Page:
'Thirty-odd years ago we'd have a pint and dream about something happening one day': Martin Hughes on Shaquille

Owner/breeder Martin Hughes with Shaquille after the July Cup | Racingfotos.com

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It may have started more by necessity than by desire, but Martin Hughes has now hit the heights that most small breeders can only dream of with his sprinting sensation, Shaquille (GB).

A year ago this week, the son of the treble Group 1-winning miler Charm Spirit (Ire) made a winning debut at York. In the ensuing 12 months, he has taken Hughes, who bred Shaquille with Michael Kerr-Dineen, and his friends in the partnership on quite a ride, often with heart in mouth, but on all bar two occasions one which ends in the winner's enclosure.

Putting a flop in the G3 Acomb S. on his second start behind him, Shaquille has remained unbeaten since last August but he did give his connections one fraught outing on Good Friday when refusing to load on All-Weather Finals day at Newcastle. His progression since then, through victories in a Newmarket handicap on Guineas weekend, Listed success at Newbury and two Group 1 strikes in the Commonwealth Cup and July Cup, is testament to the hands-on management of this tearaway talent by trainer Julie Camacho and her husband Steve Brown.

In fact, various members of the Camacho family have played their part, with Julie's father, former trainer Maurice, boarding Shaquille's dam and offspring, and her brother Matthew acting as bloodstock advisor for Hughes, a long-term owner who became a Group 1 breeder almost by accident. 

“I wasn't really setting out to be a breeder,” Hughes admits. “Michael and myself bought two Galileo fillies and they went into training with John Gosden, and both were absolute rubbish. Magic was unraced and Tinted raced once but probably shouldn't have done. So we looked at it and thought rather than give up and give them away, let's see what they can do. So they went up to Maurice and we started having them covered.”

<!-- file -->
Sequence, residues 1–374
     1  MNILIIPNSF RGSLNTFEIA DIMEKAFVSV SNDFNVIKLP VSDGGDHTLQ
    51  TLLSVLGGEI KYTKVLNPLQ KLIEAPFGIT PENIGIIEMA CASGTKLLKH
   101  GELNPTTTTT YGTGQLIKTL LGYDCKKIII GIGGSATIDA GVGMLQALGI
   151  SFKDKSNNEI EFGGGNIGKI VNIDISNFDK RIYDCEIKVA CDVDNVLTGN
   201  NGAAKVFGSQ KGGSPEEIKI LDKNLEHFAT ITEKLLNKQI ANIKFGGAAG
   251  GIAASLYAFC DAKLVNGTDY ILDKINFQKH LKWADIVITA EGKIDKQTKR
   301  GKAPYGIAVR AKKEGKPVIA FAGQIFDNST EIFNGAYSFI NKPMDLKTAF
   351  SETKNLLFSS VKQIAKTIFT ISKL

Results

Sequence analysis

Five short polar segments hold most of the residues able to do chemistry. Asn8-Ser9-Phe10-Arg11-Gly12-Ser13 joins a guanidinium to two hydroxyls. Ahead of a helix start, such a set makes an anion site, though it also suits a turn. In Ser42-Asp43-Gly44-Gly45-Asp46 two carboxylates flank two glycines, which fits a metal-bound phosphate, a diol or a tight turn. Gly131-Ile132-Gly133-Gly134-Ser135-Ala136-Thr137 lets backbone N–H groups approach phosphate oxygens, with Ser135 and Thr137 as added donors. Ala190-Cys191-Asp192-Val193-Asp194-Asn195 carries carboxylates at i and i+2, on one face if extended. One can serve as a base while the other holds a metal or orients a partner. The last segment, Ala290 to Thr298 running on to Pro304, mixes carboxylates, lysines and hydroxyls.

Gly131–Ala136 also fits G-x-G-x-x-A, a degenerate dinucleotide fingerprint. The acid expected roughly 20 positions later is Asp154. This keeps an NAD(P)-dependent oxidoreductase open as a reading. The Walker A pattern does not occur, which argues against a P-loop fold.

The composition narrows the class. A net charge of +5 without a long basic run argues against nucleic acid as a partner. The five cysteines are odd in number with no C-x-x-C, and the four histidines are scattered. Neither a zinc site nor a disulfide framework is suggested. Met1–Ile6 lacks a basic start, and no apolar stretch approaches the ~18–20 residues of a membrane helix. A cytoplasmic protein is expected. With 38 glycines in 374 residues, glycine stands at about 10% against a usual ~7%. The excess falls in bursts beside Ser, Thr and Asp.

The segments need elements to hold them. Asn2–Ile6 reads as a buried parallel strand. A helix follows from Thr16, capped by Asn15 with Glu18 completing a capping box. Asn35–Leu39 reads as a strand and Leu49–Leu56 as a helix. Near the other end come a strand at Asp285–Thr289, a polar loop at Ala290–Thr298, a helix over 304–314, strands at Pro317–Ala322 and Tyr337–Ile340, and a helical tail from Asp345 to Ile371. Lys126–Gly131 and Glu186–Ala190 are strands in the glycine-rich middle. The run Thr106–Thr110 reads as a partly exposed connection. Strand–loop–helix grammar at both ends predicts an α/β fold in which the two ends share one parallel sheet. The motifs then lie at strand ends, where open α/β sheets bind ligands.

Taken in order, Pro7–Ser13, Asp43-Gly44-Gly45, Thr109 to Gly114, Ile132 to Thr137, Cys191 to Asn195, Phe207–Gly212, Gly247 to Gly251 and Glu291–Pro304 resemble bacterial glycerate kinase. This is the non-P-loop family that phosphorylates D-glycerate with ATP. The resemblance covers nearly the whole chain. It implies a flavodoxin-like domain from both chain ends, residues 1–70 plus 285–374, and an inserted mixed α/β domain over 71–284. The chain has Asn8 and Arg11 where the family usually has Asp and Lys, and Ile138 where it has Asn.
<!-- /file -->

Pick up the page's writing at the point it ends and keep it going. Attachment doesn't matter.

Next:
Both Magic (Ire) and Tinted (Ire) are out of Danehill mares, bred by Glenvale Stud on a cross which has yielded plenty of success elsewhere but not for these two. Not initially anyway. In the case of Magic, a daughter of Cheveley Park Stud's prolific sprinter Danehurst (GB), talent appears to have skipped a generation. Danehurst won exactly half of her 20 starts for Sir Mark Prescott including the G2 Flying Five (which has subsequently been promoted to Group 1 status) among her eight stakes victories, and was runner-up in the G1 Golden Jubilee S. as well as being third in the July Cup, won 21 years later by her grandson.

Hughes continues, “Tinted has produced nothing of merit. Shaquille is Magic's third foal and the first two weren't very good. They say wait until the third to see what the mare is producing. The first one was by Showcasing and the second was by Oasis Dream, and he was just too large. Magic was out of Danehurst and she didn't actually produce too much. Maybe we should have paid more attention to that before we bought her for racing.”

In hindsight, it's a good job they didn't. Admittedly, Magic's first foal, Sleight (GB), remains winless in 19 starts. Her second, the giant Helpful (GB), made his debut in a Warwick bumper in May and finished tailed off, with his in-running notes reading, as his younger brother Shaquille's often do, 'Took keen hold'.